Finally, our roses here at The Gardens at Heather Farm have reached a dormant, or at least semi-dormant state. That means our extensive rose collection is due for its yearly pruning. Our collection is comprised of roughly 1000 floribunda, hybrid tea, rugosa, David Austen, and many other species and varieties. As you might imagine, with numbers like these, we have our work cut out for us! Fortunately, we have an excellent team of experienced volunteers to make light work of this otherwise daunting task.
For many (if not most) rose gardeners, however, a team of skilled rose pruners is not going to show up to assist! It is after this realization that many gardener’s begin to panic. DO NOT PANIC. Rose pruning is not difficult at all. The principles are basic and the results of proper pruning will be apparent through the entire growing season.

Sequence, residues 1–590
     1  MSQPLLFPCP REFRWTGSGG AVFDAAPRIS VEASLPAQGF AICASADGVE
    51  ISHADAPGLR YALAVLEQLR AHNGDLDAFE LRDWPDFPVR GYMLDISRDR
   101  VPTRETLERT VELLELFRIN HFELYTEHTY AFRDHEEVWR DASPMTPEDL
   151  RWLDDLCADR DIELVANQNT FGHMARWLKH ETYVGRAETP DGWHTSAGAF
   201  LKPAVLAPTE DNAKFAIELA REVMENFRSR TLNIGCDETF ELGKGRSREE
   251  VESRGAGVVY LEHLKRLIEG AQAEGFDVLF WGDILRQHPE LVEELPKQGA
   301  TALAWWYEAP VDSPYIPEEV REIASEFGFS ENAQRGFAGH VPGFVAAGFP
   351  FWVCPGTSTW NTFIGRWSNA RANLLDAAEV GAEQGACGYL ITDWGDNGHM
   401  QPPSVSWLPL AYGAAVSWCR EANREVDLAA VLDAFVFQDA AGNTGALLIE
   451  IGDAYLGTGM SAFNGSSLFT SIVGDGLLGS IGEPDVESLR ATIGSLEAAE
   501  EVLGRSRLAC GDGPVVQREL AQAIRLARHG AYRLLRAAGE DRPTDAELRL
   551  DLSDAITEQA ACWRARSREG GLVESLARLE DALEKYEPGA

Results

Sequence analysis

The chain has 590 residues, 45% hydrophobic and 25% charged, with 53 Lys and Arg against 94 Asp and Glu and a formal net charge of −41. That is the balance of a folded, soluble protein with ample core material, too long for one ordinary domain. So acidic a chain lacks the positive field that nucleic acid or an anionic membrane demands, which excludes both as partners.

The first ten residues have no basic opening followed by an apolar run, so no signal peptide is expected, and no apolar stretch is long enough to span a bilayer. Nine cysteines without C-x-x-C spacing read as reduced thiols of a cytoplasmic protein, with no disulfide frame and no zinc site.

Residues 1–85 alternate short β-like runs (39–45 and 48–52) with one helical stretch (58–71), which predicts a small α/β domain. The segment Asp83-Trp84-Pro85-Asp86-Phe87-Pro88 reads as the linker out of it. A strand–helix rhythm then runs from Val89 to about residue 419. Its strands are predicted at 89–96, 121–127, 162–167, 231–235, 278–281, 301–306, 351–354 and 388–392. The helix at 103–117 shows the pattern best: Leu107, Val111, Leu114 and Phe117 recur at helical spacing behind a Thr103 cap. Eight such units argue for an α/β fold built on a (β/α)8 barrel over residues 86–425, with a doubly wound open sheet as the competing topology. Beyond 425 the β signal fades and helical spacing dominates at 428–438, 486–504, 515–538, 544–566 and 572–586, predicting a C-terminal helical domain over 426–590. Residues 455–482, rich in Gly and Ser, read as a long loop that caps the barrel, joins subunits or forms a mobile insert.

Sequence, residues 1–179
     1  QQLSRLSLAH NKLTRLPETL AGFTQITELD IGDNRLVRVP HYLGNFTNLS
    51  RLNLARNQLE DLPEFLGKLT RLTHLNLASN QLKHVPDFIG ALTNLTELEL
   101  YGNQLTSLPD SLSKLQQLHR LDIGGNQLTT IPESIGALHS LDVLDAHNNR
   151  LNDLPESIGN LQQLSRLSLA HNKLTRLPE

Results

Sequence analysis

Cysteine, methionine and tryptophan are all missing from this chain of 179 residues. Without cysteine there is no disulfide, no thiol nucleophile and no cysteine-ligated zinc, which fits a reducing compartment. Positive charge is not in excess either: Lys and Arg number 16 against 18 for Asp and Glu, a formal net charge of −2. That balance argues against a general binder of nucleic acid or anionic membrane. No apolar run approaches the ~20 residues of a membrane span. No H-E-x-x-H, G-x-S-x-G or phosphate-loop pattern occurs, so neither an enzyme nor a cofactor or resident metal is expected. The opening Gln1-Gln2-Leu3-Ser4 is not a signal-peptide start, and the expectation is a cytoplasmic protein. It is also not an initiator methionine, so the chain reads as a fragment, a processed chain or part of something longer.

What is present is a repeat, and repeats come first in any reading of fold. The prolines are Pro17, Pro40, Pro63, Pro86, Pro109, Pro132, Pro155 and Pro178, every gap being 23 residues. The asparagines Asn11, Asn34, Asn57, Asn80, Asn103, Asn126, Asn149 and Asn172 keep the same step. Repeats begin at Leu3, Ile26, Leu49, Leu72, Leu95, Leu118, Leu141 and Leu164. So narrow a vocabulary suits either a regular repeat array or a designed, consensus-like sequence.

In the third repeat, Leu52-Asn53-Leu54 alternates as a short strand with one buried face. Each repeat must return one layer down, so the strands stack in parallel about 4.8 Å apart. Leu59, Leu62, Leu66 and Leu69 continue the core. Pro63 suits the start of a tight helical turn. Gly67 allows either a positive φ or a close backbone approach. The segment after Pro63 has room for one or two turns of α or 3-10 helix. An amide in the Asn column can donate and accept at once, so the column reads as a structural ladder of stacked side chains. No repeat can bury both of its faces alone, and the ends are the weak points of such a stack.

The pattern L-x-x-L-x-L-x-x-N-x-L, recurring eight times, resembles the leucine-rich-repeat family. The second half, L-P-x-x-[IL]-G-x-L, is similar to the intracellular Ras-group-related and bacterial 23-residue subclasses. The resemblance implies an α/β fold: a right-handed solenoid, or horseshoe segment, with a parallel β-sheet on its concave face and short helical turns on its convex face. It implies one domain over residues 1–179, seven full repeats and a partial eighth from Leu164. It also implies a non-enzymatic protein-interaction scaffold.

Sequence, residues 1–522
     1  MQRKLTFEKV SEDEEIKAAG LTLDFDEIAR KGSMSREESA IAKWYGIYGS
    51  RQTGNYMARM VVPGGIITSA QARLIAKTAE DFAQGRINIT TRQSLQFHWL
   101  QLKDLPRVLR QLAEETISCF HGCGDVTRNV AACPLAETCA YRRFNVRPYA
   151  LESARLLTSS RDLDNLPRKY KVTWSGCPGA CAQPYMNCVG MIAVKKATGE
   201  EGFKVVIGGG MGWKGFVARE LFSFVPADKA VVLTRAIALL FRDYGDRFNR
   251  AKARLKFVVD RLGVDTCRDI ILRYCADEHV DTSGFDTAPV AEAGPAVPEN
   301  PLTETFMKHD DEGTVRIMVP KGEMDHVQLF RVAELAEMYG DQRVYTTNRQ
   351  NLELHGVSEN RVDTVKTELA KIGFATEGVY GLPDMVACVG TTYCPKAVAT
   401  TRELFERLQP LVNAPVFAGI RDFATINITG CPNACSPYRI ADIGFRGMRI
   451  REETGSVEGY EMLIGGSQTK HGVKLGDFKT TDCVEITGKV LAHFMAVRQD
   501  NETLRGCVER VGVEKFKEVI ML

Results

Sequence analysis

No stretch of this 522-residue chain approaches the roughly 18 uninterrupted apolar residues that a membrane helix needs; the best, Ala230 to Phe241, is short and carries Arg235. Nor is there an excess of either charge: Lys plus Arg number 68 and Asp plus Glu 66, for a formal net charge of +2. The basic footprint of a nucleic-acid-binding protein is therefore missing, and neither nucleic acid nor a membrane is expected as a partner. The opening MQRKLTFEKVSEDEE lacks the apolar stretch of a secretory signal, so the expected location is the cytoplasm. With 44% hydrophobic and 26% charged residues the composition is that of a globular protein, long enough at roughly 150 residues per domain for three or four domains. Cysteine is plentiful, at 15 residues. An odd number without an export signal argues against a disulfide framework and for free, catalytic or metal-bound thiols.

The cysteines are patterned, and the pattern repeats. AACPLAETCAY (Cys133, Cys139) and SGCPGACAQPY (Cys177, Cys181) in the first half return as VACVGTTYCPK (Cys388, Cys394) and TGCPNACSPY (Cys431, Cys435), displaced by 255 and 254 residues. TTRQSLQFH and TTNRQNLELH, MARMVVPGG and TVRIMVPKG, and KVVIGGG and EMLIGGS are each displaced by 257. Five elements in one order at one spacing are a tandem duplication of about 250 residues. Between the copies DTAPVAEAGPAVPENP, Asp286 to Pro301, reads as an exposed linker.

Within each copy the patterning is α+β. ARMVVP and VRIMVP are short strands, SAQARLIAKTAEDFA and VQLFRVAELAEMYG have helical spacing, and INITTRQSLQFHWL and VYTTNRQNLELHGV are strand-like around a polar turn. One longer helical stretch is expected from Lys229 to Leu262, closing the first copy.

Before you begin your yearly pruning, it is imperative to have the proper equipment on hand. I recommend the following items:
-Bypass pruning shears
-Hand pruning saw
-Thick, long-sleeved clothing
With this simple list, you will be able to make quick work of your rose garden while avoiding gratuitous damage to your skin! It is then time to begin the pruning itself. January is the best time to prune your roses, but if you end up waiting a bit (til perhaps February), you will still be fine.
Now, how is it done? The answer to this question is lengthy and is perhaps best answered by watching this short instructional video.
If you’d like to practice on someone elses roses, you should feel free to join us in the garden on Wednesday mornings at 9am for the next couple of weeks to try out your new found skills on our roses and get some tips from our veteran rosarians. Rose pruning is simple and rewarding. Here’s to a growing season filled with fantastic blooms for you to enjoy!